So, has anyone been following the national news on Lori Drew and her MySpace debacle? I have. The case originates not far from where I live. The short version is that allegedly [sic on “allegedly”] this woman (Drew) created a fake MySpace account to screw with a girl called Megan, saying she wanted to see what the girl was saying about her own daughter. In case you missed it, that’d make Drew at least old enough to have a teenage daughter, and thereby would imply that she’s an “adult” [sic on “adult”].
She created a fake persona of a young teenage boy who was “enticing” Megan and was supposed to eventually crush her feelings. Drew and her accomplices would then humiliate the girl by printing the conversations between her and the fake boy, for distribution at her school, or confront her about it in a public place, like a mall, with as many of her friends and enemies around as possible. However, they never got the opportunity for the “embarrassment” part of the plan. Instead, the events turned into an Internet flame-fest with someone reportedly telling the thirteen-year-old “The world would be better off without you.” She chose to believe that, and Megan hung herself in her closet.
She was a thirteen-year-old girl being harassed on the Internet by a MOTHER who is, I’m guessing, in her fifties.
Worse than the lack of punishment that’s possible is the lack of punishment that’s PROBABLE. The judge — pay attention to this name for the next time you vote, LA residents — George H. Wu is likely to throw out the case or completely reverse any “guilty” rulings handed down. He has not been at all fair thus-far. Here’s what my hometown paper has to say about it (via stltoday.com)…
Prosecutors presented no evidence that any of the alleged co-conspirators read or knew anything about the terms, however.
“How can you violate something when you don’t know what it is?” Steward [defense] asked.
Without knowledge of the terms and a conscious decision to violate them, Steward said, “We are over. End of case.”
The terms of service issue has dogged the case for months. Steward asked Wu to dismiss the case Friday, saying prosecutors had not proven the elements necessary under the law.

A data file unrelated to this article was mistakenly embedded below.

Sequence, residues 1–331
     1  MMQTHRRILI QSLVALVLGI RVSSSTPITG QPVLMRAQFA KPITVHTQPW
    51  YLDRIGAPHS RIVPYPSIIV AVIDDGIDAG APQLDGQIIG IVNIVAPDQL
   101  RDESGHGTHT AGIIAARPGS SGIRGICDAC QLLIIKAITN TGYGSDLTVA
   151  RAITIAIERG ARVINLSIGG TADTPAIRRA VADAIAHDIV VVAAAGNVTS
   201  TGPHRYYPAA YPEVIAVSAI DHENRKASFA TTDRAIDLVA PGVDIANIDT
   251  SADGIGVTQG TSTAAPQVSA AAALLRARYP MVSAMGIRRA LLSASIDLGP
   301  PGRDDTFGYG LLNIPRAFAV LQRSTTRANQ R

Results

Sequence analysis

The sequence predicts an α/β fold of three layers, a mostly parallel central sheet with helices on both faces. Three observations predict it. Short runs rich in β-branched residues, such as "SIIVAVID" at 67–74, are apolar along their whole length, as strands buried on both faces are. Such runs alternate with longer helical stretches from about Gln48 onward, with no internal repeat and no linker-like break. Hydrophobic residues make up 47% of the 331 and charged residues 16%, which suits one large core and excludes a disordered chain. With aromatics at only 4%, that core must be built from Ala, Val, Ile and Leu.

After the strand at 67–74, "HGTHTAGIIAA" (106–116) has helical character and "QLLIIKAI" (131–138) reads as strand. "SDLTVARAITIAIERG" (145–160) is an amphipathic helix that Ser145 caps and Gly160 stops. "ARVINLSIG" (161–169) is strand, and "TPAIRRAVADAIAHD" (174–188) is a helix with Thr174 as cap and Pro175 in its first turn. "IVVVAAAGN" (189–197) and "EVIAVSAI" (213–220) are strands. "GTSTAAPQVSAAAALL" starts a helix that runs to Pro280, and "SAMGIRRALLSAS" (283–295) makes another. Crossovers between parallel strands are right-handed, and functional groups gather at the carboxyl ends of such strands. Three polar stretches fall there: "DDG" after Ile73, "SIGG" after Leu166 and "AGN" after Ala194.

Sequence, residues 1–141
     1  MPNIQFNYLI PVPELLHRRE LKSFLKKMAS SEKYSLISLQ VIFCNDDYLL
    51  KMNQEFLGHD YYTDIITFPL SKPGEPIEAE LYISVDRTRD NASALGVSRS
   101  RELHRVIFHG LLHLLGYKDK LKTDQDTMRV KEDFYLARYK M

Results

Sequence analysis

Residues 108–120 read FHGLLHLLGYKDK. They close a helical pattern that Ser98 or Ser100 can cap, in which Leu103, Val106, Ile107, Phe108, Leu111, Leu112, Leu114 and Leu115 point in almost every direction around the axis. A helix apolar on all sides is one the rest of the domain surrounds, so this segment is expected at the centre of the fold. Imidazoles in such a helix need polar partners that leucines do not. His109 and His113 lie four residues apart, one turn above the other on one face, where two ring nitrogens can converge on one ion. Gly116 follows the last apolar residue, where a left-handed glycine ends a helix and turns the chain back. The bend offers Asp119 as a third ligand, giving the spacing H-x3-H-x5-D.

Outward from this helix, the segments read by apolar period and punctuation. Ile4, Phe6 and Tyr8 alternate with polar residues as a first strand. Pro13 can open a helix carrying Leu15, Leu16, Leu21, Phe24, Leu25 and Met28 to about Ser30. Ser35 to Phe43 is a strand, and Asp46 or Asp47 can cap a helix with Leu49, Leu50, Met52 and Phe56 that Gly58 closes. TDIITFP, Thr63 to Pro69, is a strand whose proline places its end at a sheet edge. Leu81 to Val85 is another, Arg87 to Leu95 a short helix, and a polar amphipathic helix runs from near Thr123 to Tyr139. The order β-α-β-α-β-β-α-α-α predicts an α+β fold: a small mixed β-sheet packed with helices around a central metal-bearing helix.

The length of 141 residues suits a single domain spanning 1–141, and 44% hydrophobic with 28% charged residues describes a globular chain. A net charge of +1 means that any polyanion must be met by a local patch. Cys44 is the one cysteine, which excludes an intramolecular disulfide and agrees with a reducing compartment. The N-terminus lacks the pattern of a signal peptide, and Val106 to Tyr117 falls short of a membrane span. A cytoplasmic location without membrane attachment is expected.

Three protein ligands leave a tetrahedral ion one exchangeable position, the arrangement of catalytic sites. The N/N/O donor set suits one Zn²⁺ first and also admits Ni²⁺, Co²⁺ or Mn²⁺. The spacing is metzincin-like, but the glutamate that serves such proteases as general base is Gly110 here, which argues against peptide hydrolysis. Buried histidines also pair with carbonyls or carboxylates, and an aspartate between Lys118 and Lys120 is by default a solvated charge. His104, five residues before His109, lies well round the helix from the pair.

Wu seemed receptive, as he has in the past, taking up Steward’s position.
He pointed out that the statute requires Drew to intentionally violate the terms or service, and asked, “How would they know unless they read the terms of service?”
In the end, Wu said he would need the weekend to decide.
On Monday morning, he told both sides that he would not yet issue a decision and to proceed with the end of testimony and closing arguments. By law, Wu could throw out the case after the jury has returned a guilty verdict — if he ultimately agrees with Steward.
So…she’s likely to completely walk. Justice will not be served. A teenager will have died, and the GROWN F**KING WOMAN who pretty much handed her the noose will go unpunished. (Nevermind that it’s on the record MULTIPLE times that willful ignorance of laws and rules does not qualify one for “innocence.” I mean, I’ve never READ the law that says, “Don’t rape and then murder anyone by stabbing them 27 times with a salad fork…” But I’m pretty sure I’d still go to jail if I did it.)
…but here’s the good part…
Drew has already moved once. She still continues to be harassed at her NEW home. People want nothing to do with her. Her name is globally known and people know what she looks like (fat cow, by the way). She will probably NEVER get a good night’s sleep again for fear of being harassed or being haunted by the memory of what she did.
In a lot of ways, that’s BETTER than a conviction…but not for her.
I know she doesn’t read my blog (or at least I assume it), but Lori…in words that have been so closely connected with this case… “Have a shitty rest of your life.” You deserve it.
Sorry for getting all heavy on you guys today…my next post will be fun. And just to take some of the edge off of this post, here’s a picture of George Bush eating a kitten.
CORRECTION (10:25 PM) – I incorrectly quoted Megan’s age as sixteen. She was, in truth, THIRTEEN. Which makes Lori Drew’s crime three years more disturbing.